# Solving T(n)=T(n−1)+2T(n−2) using substitution

I am trying to solve the following Recurrence relation using substitution method and I am stuck almost half way. I know the answer is 2^n but I can't reach it.

At first, my question is: Who decicdes the base cases? when do we take T(n)=1 for n=1 or T(n)=1 for n=0?

The work I have done till now is as follows:

T(n) = T(n−1) + 2T(n−2)

T(n-1) = T(n-2) + 2T(n-3)

T(n-2) = T(n-3) + 2T(n-4)

Thus, using these, we can subsitute and we get

T(n) = T(n-2) + 2T(n-3) + 2T(n-2)

T(n) = 3T(n-2) + 2T(n-3) (add and then substitue again)

T(n) = 5T(n-3) + + 6T(n-4)

Now assume we go till k, but I am not able to generalize the usage of k and find a correct assumption that will lead to a result of time complexity of Big O of 2^n

• You decide the base cases – it's your recurrence. – Yuval Filmus Oct 19 '18 at 2:22

The secret of effective substitution is to find the magic numbers -1 and 2. Look and behold.

$$T(n)+T(n-1)=2T(n-1)+2T(n-2)=2(T(n-1)+T(n-2))$$ Let $$S(n)=T(n)-(-1)T(n-1)$$. Then $$S(n)=2S(n-1)=2^2S(n-2)=\cdots=2^{n-2}S(2)\tag{I}$$

$$T(n)-2T(n-1)=-T(n-1)+2T(n-2)=-(T(n-1)-2T(n-2))$$ Let $$R(n)=T(n)-2T(n-1)$$. Then $$R(n)=-R(n-1)=R(n-2)=\cdots=(-1)^nR(2)\tag{II}$$

Eliminating $$T(n-1)$$ from formula ($$\text{I}$$) and ($$\text{II}$$), we obtain $$T(n)= \frac{2S(n) + R(n)}3=\frac{2^{n-1}S(2) + (-1)^nR(2)}3=\frac{S(2)}62^n + O(1)$$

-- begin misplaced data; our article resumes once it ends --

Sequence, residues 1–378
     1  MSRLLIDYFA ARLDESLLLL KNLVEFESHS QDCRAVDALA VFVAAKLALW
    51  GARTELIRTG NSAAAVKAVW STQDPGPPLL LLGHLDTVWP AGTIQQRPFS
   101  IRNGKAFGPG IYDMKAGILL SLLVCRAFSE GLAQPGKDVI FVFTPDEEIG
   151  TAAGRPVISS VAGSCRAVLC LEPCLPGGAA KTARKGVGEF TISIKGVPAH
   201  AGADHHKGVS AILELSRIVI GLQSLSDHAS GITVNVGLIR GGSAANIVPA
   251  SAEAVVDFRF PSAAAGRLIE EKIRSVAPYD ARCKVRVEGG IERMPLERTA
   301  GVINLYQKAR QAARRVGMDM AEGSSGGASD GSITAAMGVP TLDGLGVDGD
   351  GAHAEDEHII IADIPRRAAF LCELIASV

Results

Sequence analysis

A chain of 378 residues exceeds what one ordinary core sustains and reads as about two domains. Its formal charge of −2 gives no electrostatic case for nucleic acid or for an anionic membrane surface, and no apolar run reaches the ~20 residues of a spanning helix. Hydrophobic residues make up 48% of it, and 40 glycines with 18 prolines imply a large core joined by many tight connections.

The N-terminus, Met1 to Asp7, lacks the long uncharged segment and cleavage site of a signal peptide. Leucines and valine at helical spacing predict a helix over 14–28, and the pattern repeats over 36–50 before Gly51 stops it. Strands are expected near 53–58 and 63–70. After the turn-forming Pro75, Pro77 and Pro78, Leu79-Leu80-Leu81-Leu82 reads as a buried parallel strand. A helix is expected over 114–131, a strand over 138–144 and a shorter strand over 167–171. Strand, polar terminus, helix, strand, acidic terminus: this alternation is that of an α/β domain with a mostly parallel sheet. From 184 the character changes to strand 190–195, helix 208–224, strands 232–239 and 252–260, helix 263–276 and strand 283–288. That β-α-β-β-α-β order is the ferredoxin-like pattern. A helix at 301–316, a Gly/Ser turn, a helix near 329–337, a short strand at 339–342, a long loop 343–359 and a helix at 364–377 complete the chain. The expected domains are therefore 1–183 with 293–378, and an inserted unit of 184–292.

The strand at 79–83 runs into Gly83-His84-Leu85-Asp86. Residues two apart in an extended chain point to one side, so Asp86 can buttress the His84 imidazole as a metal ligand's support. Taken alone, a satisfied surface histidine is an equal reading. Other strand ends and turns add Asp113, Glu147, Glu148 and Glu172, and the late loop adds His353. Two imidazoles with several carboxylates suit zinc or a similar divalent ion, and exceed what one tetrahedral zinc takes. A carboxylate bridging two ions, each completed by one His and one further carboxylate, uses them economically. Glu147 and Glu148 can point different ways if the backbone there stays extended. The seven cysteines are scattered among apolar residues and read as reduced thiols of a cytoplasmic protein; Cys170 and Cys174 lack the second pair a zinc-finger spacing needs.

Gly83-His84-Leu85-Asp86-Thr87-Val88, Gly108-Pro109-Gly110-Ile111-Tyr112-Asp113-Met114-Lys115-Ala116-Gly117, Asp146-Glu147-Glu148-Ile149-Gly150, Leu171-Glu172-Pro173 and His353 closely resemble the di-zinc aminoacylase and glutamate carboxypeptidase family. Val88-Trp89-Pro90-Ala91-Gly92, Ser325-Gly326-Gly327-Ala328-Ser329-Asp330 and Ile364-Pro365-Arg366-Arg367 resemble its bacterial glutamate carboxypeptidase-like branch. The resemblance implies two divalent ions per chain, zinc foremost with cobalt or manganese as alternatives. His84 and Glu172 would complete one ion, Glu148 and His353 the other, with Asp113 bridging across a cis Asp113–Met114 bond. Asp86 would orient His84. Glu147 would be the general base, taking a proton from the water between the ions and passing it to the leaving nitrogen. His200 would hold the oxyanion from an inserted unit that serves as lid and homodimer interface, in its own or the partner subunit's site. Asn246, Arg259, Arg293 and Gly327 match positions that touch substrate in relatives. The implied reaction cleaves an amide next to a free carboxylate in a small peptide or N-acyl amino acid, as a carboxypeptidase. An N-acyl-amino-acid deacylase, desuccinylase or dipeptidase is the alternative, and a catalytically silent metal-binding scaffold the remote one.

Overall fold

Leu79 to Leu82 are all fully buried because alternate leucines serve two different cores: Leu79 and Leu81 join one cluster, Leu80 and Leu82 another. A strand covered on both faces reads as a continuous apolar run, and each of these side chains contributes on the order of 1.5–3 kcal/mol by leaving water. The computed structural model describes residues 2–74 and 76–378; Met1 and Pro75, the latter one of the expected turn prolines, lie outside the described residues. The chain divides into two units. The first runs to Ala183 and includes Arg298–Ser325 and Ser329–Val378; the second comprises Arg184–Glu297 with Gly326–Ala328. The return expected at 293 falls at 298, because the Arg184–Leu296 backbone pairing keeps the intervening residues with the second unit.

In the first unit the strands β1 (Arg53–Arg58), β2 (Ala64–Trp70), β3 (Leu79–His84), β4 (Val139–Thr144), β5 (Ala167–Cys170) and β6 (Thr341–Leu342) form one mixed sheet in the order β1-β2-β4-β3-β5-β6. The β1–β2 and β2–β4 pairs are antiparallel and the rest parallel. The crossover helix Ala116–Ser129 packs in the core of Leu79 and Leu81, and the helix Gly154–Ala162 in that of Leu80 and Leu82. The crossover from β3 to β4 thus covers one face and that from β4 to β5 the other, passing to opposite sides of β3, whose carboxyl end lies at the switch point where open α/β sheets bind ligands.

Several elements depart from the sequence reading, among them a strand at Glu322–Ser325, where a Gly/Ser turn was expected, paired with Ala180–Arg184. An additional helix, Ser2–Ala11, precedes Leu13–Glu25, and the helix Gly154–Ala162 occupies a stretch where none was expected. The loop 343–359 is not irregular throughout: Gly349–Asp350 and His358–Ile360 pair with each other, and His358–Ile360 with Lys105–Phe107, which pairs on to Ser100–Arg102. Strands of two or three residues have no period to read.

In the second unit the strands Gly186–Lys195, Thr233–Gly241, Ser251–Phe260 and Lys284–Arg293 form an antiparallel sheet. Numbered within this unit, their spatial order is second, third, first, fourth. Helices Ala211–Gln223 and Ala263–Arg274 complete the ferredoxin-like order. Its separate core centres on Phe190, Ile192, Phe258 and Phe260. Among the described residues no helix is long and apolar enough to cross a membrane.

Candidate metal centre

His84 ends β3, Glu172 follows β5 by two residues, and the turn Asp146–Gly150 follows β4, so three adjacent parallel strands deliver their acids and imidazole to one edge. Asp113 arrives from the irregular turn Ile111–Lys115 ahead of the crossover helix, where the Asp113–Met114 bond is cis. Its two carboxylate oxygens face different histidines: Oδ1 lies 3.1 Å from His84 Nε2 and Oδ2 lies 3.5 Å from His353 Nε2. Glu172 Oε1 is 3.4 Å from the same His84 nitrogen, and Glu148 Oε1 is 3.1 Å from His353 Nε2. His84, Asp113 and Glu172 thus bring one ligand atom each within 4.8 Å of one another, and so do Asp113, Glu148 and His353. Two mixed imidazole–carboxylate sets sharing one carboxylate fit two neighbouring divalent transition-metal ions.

So, $$T(n) = O(2^n)$$.

It is assumed in the above that S(2) and R(2) are defined or, what is equivalent, T(2) and T(1) are defined. Their actual values do not affect the conclusion.

In fact, we can be more precise. If $$T(2)+T(n-1)>0$$, i.e., $$S(2) > 0$$, we will have $$T(n)=\Theta(2^n)$$. If $$T(2)+T(n-1)=0$$, we will have $$T(n)=O(1)$$. If $$T(2)+T(n-1)<0$$, we will have $$-T(n)=\Theta(2^n)$$.

How to find those two magic numbers?

Consider T(n) as $$x^2$$, T(n-1) as $$x$$ and T(n-2) as 1. Then you get $$x^2 = x + 2$$. Solving that equation, you get $$x=-1$$ or $$x=2$$.

(Exercise.) Let $$F(n)=F(n-1)+F(n-2)$$ for $$n\in\Bbb N$$, $$n\ge2$$. Show $$F(n)= O(\alpha^n)$$, where $$\alpha = \frac{1+\sqrt 5}2$$.

• You're missing a $T$ in your first equation – Daniel Martin Oct 19 '18 at 11:02
• Corrected. Also added an exercise. – John L. Oct 19 '18 at 12:56
• When you define R(n), on the rhs you should have R(2) instead of S(2). Also, could you expand a bit on how you picked 6T(n)=4S(n)+2R(n)? – Maiaux Jan 7 '19 at 10:57
• @Maiaux, updated. – John L. Jan 7 '19 at 12:37

I like the method "try it out and see what happens".

Calculate the next items of the sequence starting with 0,1 and starting with 1,0. You will soon see a pattern. And from the pattern it is obvious that the solutions are

$$a \cdot 2^n + b \cdot (-1)^n$$